That’s before our protagonist comes out to dance. Her routine is exploitative and in no way empowering. We’re not watching a woman revel in the power of her own sexuality, we’re watching a woman actively frightened for her life being forced to perform. And that’s not even the worst part! The routine ends when she runs off the stage, screaming in terror, after noticing that the man is watching her… which plays out from his perspective.
Now, allow me to reiterate that. Our female protagonist panics and runs when she realizes the camera eye is watching her dance. Because we are watching her. I don’t know how to make anything insightful out of that. It’s just bad, and it makes you feel gross.
And again there’s no narrative weight behind any of this. The emcee doesn’t berate her for running off the stage, the gimp gallery doesn’t even boo, it just means that our protagonist spends the rest of the episode with her breasts out.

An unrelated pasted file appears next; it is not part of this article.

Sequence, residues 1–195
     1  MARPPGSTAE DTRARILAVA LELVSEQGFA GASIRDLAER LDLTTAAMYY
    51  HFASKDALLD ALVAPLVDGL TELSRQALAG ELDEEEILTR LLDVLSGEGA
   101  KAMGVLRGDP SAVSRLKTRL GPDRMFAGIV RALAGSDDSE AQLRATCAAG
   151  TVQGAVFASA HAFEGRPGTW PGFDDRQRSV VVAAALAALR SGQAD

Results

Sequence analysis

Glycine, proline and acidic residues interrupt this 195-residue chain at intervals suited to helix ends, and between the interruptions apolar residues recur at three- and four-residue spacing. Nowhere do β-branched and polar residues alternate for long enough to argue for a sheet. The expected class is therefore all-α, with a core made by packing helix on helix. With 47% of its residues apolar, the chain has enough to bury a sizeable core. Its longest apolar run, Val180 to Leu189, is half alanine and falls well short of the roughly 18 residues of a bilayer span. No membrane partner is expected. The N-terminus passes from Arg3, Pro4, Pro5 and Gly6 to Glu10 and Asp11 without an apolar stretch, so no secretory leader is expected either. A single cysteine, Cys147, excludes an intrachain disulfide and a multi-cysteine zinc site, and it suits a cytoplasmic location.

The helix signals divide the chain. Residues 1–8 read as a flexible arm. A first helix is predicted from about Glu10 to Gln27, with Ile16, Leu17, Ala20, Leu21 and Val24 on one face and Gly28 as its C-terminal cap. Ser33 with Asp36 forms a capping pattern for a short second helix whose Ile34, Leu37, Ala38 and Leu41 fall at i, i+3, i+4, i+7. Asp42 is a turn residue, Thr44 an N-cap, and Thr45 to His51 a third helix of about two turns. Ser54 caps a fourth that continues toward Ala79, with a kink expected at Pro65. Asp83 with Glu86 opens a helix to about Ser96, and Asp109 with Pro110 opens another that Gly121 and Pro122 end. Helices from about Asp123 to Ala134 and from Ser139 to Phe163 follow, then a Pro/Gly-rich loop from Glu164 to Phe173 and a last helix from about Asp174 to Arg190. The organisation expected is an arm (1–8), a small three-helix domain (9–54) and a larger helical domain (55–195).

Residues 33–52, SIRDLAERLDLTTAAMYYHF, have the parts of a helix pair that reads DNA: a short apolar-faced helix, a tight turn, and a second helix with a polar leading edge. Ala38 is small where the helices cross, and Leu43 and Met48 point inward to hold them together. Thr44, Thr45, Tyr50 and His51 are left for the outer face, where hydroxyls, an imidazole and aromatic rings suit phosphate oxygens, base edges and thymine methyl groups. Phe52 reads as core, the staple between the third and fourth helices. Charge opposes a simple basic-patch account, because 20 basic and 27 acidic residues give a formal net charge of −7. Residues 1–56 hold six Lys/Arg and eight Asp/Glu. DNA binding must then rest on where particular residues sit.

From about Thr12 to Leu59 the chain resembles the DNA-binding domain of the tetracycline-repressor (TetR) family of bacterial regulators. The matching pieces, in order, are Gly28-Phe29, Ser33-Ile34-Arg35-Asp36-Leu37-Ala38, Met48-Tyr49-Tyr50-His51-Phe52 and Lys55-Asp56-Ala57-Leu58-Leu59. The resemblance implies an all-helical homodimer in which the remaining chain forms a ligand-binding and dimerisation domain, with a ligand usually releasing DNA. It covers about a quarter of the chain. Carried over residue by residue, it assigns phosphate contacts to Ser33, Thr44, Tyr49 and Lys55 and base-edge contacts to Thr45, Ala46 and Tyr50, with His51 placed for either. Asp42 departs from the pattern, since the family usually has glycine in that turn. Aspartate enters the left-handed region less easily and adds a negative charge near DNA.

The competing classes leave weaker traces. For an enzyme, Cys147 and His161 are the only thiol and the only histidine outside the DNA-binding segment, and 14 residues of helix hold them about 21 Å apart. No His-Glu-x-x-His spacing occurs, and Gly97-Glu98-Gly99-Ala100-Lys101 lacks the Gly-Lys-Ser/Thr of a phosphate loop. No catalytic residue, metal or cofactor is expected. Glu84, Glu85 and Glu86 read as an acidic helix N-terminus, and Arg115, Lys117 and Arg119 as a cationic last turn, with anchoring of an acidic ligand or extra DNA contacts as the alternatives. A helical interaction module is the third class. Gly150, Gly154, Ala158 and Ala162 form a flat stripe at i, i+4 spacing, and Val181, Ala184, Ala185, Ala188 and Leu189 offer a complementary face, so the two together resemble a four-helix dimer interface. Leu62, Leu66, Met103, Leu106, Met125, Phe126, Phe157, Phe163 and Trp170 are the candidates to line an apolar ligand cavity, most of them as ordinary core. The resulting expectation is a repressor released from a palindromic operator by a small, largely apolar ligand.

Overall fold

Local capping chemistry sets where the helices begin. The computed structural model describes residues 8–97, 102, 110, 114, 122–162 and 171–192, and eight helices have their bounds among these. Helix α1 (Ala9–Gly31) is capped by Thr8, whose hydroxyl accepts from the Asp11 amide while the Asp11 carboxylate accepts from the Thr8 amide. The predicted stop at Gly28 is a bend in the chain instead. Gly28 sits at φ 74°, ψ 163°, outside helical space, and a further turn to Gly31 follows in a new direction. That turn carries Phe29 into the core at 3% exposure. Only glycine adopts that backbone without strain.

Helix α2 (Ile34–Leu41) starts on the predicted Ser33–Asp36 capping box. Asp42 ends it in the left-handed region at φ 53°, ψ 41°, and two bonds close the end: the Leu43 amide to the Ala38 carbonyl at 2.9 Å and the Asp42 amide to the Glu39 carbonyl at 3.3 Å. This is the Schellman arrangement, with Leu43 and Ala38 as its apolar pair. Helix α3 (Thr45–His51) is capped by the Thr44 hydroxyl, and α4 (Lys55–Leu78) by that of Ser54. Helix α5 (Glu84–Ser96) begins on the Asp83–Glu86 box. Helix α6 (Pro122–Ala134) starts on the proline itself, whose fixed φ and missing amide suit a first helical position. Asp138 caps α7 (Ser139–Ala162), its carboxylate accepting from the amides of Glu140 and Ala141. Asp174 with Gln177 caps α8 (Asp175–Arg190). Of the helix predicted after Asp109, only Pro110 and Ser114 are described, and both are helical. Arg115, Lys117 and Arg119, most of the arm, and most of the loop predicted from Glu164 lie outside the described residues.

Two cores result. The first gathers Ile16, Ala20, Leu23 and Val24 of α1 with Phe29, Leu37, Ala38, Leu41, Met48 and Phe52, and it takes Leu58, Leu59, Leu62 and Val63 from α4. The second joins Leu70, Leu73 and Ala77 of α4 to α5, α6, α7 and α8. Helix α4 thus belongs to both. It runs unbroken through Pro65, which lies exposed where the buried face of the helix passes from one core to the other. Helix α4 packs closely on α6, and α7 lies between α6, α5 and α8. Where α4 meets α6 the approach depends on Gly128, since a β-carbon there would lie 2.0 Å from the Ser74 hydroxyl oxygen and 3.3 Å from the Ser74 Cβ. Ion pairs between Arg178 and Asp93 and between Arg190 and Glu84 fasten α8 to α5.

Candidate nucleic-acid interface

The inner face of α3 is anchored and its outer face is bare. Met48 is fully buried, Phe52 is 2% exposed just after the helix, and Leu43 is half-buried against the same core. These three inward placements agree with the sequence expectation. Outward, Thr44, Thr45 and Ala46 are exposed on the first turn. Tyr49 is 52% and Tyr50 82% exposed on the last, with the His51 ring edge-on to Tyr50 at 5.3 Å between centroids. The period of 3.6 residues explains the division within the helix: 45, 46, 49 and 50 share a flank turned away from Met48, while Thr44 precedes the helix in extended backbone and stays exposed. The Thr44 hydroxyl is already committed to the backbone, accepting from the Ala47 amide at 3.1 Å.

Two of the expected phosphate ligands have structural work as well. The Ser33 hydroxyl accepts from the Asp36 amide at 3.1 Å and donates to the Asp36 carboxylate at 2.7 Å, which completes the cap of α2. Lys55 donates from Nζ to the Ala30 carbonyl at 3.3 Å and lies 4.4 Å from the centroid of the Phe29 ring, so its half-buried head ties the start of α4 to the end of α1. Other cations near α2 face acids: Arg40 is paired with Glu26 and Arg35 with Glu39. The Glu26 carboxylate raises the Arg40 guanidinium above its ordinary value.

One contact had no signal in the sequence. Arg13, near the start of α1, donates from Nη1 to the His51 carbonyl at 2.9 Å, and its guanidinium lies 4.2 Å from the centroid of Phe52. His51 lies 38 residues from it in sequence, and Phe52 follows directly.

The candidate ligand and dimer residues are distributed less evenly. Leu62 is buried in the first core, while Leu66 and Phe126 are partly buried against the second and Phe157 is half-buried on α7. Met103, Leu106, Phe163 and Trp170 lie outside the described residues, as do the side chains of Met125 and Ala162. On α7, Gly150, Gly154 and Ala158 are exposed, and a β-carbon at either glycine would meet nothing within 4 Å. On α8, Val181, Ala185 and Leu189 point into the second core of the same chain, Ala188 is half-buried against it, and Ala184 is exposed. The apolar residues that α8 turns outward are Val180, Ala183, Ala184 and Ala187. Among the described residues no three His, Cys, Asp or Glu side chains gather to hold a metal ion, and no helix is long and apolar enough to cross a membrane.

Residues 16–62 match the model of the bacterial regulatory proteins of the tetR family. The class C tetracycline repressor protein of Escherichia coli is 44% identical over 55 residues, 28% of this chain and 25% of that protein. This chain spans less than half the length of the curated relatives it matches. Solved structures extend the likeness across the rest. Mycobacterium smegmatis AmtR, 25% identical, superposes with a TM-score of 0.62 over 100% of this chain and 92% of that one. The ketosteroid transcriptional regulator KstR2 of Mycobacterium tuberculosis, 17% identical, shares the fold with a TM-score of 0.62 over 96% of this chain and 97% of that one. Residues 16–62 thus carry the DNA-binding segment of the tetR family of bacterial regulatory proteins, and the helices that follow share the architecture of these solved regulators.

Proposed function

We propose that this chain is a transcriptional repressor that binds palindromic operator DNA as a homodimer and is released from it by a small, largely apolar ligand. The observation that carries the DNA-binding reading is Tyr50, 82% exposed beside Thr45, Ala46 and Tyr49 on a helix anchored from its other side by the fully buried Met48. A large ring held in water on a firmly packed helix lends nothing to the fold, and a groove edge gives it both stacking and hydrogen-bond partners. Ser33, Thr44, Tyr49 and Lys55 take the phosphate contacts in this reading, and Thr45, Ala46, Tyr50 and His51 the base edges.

Back at what is attempting to pass for a plot, the woman finds Vladimir passed out in his bed. She hunts through his things, finding a gun in his dresser drawer, and finally something in the episode makes sense. The reason the woman is so hellbent on finding Vladimir is that he offers some modicum of protection.
The cavalcade of crassness culminates in our protagonist running back to the hotel with Vladimir’s gun, seeking safety only to end up in the man’s apartment because of… narrative contrivance? I don’t know. They struggle, she shoots him, she looks up, sees a the man in her window, he panics, the cycle starts over, roll credits.